Hannah Telle: Involvement in Life Is Strange is the ‘Greatest Honor’

Editor’s note: this interview contains major spoilers from the first four episodes of Life Is Strange.

When Remember Me developer Dontnod Entertainment released Life Is Strange Episode 1: Chrysalis earlier this year, there were high expectations for the title, an eagerness to see a refreshing take on the episodic story-driven format, a desire to have real meaning behind the choices made and to witness the start of protagonist Maxine Caulfield’s coming-of-age story. As the final few minutes of Episode 1: Chrysalis came to an emotional close, it was evident that this would be a series that would continue to powerfully resonate for the player with each episode’s release, as it was easy to become immersed with the characters, universe and mysteries that were being presented in the narrative.

Hannah Telle

Photo credit: Hannah Telle

While the quality of the writing and dialogue have polarized critics — although the title has vastly improved in these aspects with each episode’s release — the voice acting is a factor that has remained consistent and brilliant throughout every episode, especially when it comes to the on-screen chemistry shared between the voice actresses for Max and Chloe Price: Hannah Telle and Ashly Burch respectively.

We had the privilege to sit down with Hannah Telle for an exclusive interview, in which she shared her experiences of working with Dontnod on Life Is Strange, her own views on Max’s personality and representation, the themes depicted in the series thus far as well as the direct influence her personal life and roles in other mediums (theater, films, etc.) have had on her performance as Max.

[Hardcore Gamer] Let’s jump straight into this: how did you become involved with Life Is Strange? Was there anything that vividly stood out from the audition?

I did performance capture for the twin sisters Iris and Rose Campbell in Murdered: Soul Suspect. The company who cast me for that game called me to audition for the role of Max Caulfield last July.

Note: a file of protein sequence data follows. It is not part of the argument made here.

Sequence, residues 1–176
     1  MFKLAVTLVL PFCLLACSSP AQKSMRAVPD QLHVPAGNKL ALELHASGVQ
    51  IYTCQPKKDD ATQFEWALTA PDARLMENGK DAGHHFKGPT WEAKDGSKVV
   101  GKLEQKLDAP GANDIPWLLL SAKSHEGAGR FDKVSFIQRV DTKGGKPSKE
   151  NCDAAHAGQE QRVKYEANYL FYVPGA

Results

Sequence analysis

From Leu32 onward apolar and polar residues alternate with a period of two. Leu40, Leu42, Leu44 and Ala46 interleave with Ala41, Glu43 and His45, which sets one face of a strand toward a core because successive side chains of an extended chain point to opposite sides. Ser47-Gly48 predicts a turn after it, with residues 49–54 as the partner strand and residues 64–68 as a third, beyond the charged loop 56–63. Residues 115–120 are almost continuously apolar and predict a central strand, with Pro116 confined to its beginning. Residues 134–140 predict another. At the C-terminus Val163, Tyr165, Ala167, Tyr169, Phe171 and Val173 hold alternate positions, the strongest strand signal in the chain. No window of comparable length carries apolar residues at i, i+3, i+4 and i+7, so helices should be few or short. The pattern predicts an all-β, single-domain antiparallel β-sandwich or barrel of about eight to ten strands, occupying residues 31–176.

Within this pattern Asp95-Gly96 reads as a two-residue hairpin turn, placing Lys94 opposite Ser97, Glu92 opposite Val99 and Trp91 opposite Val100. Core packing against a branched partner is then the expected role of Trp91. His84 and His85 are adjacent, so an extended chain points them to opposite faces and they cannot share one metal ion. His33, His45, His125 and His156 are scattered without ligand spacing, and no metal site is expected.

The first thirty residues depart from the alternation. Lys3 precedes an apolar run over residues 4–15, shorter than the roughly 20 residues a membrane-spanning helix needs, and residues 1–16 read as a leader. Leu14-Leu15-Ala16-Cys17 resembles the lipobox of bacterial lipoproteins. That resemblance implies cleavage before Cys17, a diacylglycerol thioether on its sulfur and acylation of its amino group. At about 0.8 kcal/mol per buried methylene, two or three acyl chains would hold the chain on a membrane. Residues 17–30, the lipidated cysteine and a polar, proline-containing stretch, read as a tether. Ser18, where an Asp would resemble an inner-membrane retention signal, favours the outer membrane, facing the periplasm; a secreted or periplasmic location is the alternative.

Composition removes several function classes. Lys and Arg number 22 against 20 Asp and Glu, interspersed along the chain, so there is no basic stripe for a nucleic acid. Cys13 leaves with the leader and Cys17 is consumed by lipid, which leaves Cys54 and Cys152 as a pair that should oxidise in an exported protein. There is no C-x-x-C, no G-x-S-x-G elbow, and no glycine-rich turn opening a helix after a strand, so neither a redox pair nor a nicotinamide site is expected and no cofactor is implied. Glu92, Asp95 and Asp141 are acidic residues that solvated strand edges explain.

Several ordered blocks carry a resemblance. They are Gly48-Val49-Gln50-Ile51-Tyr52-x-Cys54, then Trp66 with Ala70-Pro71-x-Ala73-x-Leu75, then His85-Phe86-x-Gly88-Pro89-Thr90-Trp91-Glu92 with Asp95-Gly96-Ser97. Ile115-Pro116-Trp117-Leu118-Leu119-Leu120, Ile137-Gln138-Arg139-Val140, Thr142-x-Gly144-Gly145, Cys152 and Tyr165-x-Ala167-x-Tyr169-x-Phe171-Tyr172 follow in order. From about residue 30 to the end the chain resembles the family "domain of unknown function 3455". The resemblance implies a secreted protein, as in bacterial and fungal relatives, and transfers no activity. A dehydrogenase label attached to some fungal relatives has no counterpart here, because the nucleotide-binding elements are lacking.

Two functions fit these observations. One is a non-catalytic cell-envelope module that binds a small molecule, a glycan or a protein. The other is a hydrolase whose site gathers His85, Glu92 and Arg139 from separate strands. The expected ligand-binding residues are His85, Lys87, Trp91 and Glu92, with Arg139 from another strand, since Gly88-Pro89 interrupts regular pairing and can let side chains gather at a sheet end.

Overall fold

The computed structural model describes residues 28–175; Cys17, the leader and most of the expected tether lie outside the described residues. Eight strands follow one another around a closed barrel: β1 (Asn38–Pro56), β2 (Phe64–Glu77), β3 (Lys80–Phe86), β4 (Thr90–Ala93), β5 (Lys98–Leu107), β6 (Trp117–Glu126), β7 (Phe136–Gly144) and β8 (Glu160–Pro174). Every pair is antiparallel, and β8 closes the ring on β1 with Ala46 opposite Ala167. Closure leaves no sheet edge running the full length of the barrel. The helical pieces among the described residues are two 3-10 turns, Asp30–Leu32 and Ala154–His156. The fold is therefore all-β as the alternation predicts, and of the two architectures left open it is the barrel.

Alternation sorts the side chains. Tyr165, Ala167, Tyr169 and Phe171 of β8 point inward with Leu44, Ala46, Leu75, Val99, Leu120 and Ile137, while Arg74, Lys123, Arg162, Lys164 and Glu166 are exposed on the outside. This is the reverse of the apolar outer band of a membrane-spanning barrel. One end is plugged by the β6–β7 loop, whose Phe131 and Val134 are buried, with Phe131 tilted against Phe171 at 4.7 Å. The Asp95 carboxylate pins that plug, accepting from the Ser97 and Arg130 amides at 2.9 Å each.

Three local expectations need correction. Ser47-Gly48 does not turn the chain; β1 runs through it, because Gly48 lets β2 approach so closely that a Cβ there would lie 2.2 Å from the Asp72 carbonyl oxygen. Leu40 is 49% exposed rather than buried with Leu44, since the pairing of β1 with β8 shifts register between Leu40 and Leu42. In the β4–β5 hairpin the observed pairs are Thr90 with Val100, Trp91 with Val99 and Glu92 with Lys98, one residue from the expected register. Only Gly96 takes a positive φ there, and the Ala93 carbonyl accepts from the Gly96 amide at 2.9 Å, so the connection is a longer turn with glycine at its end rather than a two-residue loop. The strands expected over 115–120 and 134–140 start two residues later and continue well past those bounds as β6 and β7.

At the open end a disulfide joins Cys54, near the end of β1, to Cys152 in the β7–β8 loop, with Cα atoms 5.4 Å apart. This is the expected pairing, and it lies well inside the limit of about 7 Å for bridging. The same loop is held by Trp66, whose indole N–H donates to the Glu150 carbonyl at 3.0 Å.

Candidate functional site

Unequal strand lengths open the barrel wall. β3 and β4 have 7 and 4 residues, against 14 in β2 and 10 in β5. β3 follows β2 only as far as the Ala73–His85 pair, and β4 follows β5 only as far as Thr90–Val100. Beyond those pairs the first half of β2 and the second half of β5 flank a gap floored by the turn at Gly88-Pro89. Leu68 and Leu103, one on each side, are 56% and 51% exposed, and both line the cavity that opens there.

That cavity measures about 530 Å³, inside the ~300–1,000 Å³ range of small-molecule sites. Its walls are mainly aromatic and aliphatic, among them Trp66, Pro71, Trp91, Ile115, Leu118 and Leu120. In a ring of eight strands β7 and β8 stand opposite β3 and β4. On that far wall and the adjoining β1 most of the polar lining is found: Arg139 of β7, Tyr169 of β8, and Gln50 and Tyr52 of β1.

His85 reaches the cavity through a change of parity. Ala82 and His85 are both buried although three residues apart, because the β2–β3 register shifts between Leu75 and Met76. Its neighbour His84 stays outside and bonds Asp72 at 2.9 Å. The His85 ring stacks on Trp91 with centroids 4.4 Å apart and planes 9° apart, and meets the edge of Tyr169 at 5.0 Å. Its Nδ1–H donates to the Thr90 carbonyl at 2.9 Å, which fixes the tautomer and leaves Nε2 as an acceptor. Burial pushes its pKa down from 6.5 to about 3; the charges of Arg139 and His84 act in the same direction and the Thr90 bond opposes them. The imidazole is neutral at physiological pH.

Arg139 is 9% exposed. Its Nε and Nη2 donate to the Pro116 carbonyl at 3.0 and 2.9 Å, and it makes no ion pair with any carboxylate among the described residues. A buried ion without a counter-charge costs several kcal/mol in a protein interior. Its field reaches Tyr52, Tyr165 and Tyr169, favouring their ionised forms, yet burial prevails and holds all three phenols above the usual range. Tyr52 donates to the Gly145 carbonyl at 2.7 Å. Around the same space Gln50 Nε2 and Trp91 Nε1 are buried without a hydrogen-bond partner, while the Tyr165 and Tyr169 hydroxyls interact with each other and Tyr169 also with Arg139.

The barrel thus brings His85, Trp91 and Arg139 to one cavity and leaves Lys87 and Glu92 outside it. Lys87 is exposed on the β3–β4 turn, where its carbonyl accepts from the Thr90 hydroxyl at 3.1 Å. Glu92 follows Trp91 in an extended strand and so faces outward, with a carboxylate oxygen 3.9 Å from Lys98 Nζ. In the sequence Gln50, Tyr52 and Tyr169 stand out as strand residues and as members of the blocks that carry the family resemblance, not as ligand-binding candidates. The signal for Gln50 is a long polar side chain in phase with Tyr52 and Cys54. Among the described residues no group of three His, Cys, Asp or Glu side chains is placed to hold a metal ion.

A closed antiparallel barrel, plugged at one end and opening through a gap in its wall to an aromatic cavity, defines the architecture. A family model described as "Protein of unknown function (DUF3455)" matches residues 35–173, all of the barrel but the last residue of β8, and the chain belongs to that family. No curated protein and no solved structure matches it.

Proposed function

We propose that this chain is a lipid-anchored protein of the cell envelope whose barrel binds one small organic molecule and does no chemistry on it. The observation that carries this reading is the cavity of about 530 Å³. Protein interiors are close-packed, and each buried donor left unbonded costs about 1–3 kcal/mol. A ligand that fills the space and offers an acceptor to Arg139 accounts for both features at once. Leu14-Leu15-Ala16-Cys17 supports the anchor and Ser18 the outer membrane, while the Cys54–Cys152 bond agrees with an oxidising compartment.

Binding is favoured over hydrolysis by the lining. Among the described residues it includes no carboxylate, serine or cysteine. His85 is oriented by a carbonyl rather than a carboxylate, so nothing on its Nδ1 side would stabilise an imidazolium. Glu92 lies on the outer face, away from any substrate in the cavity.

I remember the audition like it was yesterday. I was in the middle of an emotional breakdown and really struggled to make it into the Blindlight office to read for Max. I hadn’t eaten and my stomach was growling like crazy while we recorded. I did my best, but I was in such poor spirits that I was convinced I had done a terrible job and ruined the audition. I was crying like crazy on the drive home! When they emailed me with an offer for the role, I was stunned and overjoyed. Having the ongoing job of Max’s voice became an amazing life raft for me to cling to while I was navigating the tricky waters of depression and the loss of loved ones earlier this year.

We’re curious to hear if there are any warm-up routines that you would normally do before voicing the role of Max?

Yes! I always pray that God will help me to do my best and not hold back while we record. Then, on the drive to the recording studio, I blast the radio in my car and sing along really loudly! That really helps get me in the mood to speak up and be heard, which is hard for me sometimes.

Life Is Strange
Following on from the previous question, did any of your roles in television, theater or film have a direct influence towards Max?

Yes! I have always loved drama, but somewhere during the course of my career I started feeling like I was only succeeding at playing sweet and cute roles. However, there is a lot more to my personality than that and I longed to express the other side. Right before I played Max, I got a role as a very strong girl in a short film called “Flesh and Blood” by Merlin Camozzi. She was struggling to survive the apocalypse and determined to care for her father and younger sister. Her name was also Max, oddly enough! That role was full of so many emotions: fear, sadness, burden and pain. It was the most cathartic feeling to express those facets of myself. I feel like that role really prepared me to believe in my dramatic capacity and allow myself to be more than a happy-go-lucky façade, which, in turn, paved the way for me to play Max.